• On Saturday, November 28th, the Festival of Trees, benefiting Talbot Hospice, will take place behind the Tidewater Inn from 10 am to 5 pm. Trees decorated by local artists will be available to view and purchase to get you in the holiday spirit.
  • St. Michaels will still be hosting the yearly Midnight Madness event with some adjustments. Tickets to enter the raffle will only be available from retailers during the event, from December 3rd through December 5th and the raffle will be virtual.
  • Christmas in St. Michaels will still be holding their lighted boat parade on Saturday, December 12th at 6 pm. Afterwards, they are encouraging visitors to drive around to view the Christmas lights on buildings throughout the town.
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Dear Phillips Wharf Environmental Center Supporter,

I want to share with you how Phillips Wharf Environmental Center is pivoting towards new horizons that strengthen our longevity into the future and make our educational programs much more accessible to diverse audiences.

In Phillips Wharf’s 14-year history – two challenges have remained constant—the rising costs of maintaining a waterfront campus and old buildings, and addressing the inaccessibility of Tilghman Island to many school systems and others unable to afford the cost or the time for the long trip from more urban areas like Easton.

With this in mind, Phillips Wharf’s Board of Directors have made a bold decision to ensure the sustainability of our future and educational programs by liquidating our assets on Tilghman Island—including the real estate and property—and re-focus the expected gains from the sale to re-open a location in Easton that the Board will determine.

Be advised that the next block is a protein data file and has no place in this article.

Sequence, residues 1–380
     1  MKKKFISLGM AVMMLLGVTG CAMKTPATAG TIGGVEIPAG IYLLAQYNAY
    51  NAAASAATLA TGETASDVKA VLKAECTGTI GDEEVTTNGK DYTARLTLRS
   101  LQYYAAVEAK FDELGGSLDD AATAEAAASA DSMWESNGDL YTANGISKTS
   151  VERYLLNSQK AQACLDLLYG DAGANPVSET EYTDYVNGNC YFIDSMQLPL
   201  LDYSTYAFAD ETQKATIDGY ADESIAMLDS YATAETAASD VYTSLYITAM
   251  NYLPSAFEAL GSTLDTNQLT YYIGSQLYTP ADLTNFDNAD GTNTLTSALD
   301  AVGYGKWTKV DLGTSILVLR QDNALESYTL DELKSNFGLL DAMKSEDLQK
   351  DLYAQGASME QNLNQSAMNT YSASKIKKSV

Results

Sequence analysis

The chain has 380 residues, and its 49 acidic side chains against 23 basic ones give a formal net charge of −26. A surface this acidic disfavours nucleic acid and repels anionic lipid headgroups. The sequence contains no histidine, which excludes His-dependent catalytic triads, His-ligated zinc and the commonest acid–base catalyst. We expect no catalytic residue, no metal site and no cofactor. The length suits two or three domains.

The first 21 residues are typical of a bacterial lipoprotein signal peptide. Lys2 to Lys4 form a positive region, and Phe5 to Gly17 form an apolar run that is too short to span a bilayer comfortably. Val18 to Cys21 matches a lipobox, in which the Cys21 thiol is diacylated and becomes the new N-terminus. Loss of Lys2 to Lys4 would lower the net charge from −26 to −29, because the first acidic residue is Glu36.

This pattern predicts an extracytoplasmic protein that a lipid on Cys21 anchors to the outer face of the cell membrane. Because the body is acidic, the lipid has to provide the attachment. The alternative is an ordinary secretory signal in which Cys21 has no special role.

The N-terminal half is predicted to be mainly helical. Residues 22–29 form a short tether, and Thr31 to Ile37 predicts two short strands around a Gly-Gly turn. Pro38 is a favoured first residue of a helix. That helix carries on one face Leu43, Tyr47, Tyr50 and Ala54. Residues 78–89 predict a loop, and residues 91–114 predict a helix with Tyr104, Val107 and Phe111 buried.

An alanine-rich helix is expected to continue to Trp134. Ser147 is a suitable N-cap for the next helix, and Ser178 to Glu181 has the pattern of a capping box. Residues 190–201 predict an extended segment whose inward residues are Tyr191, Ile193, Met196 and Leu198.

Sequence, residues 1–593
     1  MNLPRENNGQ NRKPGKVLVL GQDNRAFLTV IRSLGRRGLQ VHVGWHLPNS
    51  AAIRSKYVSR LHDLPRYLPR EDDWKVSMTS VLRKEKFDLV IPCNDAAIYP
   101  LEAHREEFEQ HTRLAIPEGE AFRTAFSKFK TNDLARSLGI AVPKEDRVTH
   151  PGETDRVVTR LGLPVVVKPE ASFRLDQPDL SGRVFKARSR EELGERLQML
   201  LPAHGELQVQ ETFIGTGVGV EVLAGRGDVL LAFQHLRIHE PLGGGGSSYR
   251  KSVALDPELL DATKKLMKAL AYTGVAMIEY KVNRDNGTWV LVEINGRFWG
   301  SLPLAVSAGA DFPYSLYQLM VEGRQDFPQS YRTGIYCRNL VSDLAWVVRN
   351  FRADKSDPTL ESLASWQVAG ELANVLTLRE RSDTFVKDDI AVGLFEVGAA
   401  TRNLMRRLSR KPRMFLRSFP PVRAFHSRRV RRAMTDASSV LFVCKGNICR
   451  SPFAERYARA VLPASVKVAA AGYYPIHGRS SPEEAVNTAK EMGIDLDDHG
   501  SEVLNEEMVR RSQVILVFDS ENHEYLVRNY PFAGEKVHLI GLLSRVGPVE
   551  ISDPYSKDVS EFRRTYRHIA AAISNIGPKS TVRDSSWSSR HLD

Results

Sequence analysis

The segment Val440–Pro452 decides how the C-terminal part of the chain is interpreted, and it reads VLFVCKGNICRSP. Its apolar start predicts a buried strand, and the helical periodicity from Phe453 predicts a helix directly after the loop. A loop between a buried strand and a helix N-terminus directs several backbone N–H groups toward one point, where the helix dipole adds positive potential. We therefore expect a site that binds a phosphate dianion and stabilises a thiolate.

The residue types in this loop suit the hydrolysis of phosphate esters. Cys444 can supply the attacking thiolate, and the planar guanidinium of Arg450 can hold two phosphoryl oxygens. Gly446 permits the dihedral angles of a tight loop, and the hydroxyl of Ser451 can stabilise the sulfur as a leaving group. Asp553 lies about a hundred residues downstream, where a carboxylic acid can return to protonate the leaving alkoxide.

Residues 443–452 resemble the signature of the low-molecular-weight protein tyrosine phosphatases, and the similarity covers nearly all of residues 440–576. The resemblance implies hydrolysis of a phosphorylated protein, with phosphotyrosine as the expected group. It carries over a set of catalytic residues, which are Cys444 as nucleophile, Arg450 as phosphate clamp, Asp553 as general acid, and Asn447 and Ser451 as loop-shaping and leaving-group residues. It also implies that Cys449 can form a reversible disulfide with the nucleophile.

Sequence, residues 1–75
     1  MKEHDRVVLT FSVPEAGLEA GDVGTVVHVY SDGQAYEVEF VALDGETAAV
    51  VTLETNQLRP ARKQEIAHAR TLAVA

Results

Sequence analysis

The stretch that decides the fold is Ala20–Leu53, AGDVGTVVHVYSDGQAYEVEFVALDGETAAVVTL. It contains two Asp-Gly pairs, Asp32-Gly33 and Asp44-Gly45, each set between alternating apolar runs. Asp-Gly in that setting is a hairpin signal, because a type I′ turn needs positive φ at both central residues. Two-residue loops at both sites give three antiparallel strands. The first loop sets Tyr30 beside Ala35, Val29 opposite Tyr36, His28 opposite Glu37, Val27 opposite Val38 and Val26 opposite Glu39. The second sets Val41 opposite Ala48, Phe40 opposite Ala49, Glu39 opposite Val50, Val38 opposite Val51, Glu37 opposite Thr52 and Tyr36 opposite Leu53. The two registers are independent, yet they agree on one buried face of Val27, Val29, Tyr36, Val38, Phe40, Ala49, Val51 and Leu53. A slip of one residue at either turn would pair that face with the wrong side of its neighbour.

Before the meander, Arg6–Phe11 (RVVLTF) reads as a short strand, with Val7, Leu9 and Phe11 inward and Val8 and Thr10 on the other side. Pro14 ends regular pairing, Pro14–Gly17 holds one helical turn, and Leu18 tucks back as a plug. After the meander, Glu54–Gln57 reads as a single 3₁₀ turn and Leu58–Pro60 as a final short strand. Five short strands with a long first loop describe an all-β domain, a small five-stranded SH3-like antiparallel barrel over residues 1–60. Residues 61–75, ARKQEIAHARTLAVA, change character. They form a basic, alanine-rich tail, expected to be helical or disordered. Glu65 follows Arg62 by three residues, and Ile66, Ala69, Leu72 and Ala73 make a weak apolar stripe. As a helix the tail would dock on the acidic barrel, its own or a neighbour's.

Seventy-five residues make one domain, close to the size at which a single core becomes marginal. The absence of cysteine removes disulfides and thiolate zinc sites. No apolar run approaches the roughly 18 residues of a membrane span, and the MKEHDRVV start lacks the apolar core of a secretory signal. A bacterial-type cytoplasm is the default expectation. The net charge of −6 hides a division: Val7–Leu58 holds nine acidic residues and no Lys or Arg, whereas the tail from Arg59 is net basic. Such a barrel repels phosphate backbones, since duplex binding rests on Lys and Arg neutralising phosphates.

Be assured—Phillips Wharf will always bring our students to meaningful interactions with the Chesapeake Bay’s ecosystem and inhabitants. We know technology and our FishMobile, for example, can bring experiences and education to more students when we can focus our operations more on education, and less on maintaining an underutilized campus with mounting deferred maintenance costs and more.

Phillips Wharf will continue to carry the essence of encouraging, educating, and engaging Chesapeake Bay stewards from a new location soon. In addition, we’ll be sure to share this exciting news when it comes to fruition with you.

In the meantime, thank you for caring about our students and the Chesapeake Bay as a natural resource and source of healthy seafood and productive jobs for the Shore’s residents. We are excited to bring the Chesapeake Bay closer to our students and the public in ways that are more meaningful. This is a bold step forward not only in Phillips Wharf’s survivability, but also in our thrivability.

Please reach out to me with any questions or concerns you may have. You can reach me at [email protected] or 410-886-9200.

Warmest regards,

 

Matthew Albers

Board President, Phillips Wharf Environmental Center